The website adwords.google.com offers you a free tool to analyze and design the terms to best attract readers to look at a particular page. It evens tells you how many people are searching for those terms and how great the competition is for those keywords. Competition is defined as how many people are bidding on those adwords.
So the ”sweet spot” is finding the terminology that many people are searching for but few websites are providing. Then you can place those words in prominent positions on your own page and capture more eyes.
Here are some examples:
The keywords ”leadership skills,” with a competition score of 0.63 out of 1.00, appears on a large number of sites; but each month, 246,000 people globally are searching for that term.
On the other hand, ”chief executive” has few competitors with a score of 0.11 and 301,000 global monthly searches.
Those two examples were more clear cut than this next one:
The term ”CEO first 100 days” has low competition with 0.09 and only 260 monthly global searches. But if you’re a thought leader in, say, CEO transition planning, one of those 260 people might be your next client.
In fact, that’s why I chose that those terms as the title for this blog — planning for a CEO’s first 100 days is one of the services that Thought Leader Zone offers. So hopefully someone searching for help with that challenge will find me.
To summarize, it’s not just a matter of getting a large number of eyes but of getting the right eyes. Using keywords and Search Engine Optimization (SEO) techniques will help you find ”the riches in the niches.”
Are you optimizing your social media platforms? Are you helping potential clients and customers find your needle in the haystack? Ask, assess, then act. We’re here to help!
In Part 1–”Being a Social CEO–Literally”– I discussed the perils of being a shy, introverted “un-social” senior executive and mentioned that Thought Leader Zone offers guidance for maximizing your impact in a range of face-to-face social situations.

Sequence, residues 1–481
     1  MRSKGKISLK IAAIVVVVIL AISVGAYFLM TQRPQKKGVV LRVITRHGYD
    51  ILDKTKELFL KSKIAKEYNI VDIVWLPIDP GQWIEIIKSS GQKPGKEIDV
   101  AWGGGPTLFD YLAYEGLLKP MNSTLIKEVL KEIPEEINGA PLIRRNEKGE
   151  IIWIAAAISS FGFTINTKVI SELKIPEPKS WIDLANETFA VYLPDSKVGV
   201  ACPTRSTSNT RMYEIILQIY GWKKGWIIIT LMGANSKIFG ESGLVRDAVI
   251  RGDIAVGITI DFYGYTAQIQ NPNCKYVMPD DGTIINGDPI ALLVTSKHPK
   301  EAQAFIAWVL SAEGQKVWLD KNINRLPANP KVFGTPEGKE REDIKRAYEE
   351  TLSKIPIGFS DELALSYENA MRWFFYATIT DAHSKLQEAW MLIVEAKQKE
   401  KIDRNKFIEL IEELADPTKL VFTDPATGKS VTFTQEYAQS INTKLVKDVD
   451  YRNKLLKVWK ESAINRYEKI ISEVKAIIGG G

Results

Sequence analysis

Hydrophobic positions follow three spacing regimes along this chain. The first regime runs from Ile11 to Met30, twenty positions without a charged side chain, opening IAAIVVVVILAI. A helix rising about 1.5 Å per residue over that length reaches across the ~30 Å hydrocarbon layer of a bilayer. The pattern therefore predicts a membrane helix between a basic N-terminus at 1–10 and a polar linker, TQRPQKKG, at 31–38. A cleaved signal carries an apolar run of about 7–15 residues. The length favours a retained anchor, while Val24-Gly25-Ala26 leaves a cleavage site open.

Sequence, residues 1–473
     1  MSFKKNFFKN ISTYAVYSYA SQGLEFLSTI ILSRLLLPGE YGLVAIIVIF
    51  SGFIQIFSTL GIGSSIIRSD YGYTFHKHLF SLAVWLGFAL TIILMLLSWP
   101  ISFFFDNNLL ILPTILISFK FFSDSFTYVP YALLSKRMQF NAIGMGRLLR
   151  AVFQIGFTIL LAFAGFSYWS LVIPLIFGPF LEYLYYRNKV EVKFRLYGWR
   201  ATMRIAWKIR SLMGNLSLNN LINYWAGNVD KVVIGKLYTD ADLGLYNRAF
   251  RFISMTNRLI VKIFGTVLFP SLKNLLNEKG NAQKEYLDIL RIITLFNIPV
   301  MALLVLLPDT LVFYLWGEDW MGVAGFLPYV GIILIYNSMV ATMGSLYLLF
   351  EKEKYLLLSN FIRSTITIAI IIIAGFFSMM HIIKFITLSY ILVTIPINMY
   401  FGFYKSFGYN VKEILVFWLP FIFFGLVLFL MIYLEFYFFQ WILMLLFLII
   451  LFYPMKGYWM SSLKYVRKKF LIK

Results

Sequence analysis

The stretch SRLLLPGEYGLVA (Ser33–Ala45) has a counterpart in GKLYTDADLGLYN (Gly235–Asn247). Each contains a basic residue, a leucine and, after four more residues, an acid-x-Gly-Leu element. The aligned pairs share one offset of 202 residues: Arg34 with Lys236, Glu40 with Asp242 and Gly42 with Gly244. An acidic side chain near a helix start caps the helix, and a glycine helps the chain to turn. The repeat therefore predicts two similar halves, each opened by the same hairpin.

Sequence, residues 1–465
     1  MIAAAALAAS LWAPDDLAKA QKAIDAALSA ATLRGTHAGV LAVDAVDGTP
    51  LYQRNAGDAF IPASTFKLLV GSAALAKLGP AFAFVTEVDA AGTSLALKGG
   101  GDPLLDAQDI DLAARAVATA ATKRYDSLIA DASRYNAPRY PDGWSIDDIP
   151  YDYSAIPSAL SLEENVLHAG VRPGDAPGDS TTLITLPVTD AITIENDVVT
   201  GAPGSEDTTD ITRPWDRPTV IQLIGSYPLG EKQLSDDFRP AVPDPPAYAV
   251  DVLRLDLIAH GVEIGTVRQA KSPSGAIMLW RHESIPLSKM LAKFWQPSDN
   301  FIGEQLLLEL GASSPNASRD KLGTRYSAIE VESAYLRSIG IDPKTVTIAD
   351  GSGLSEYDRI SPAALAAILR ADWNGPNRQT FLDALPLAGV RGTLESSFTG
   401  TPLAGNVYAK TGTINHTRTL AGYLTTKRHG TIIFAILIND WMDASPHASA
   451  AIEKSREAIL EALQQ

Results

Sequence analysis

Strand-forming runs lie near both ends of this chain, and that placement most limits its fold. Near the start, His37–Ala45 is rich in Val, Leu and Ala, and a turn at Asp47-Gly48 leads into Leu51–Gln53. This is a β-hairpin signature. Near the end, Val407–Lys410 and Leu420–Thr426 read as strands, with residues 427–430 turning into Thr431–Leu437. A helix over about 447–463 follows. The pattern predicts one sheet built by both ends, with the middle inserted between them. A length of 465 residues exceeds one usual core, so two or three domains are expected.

But it’s also important to be a “social CEO” virtually…and we can help you with that, too. You need to be able to connect and interact comfortably in the virtual world, as well as in the real world. As the “face” of your company, you need to be able to interface effectively even when you’re not face-to-face.
Some of the do’s and don’ts for virtual interactions are similar to those for face-to-face interfaces:
Don’t shout (with all capitalized words)
Do use words people can understand
Do find and use your authentic voice
Don’t talk (blog or Twitter, etc.) unless you have something meaningful to say
Do listen to what others have to say
Etc., etc., etc.
Basically, just follow the rules of social politeness and good manners your mom taught you…
But to be a great communicator on social media you need to follow a few more tailored guidelines:
Communicate on a regular basis — more often when you have something to say and less often if you don’t. Don’t be a slave to a schedule.
Adopt a tone that reflects your personality, not just conveys content.
Use diction more suited to a chat room than a boardroom.
Make sure you have a point to make and make sure it isn’t self-serving.
Use personal stories to illustrate key ideas.
Have an opinion.
Be brief and concise.
Respond respectively to legitimate positive and negative feedback as quickly as possible.
Show rather than tell. Offer advice rather than issue orders or tell people what to do.
Posted by Constance Ward on September 10, 2012 | Comments Off on Being a Social CEO–Literally (Part 1)
Leadership demands many social obligations. In my experience, senior executives can sometimes be, well, not exactly anti-social but perhaps uncomfortable in business social settings, like conference receptions or cocktail parties or industry events.
They know they have an important obligations, roles and duties in these situations — representing the company, meeting as many people as possible, remembering names and faces, impressing people with their charm and authenticity, oh, and not spilling anything while ”gripping and grinning.”
Some leaders are able to handle all of this better than others. It’s more difficult for those who moved up the ranks from being a technical expert to join management and lead people if they aren’t naturally adept in social situations. You’ve probably heard this old joke before, but I’ll tailor it here:
“How do you tell an outgoing thought leader from an introverted one? They stare at your shoes during a party.”
Are you maximizing your personal impact in different social situations by being extroverted–and that does not imply you should be wearing a lampshade as a party hat– or is your natural shyness a hindrance to getting the most out of every event? Do you need some guidance and tips to help you maneuver around social obstacles outside the office?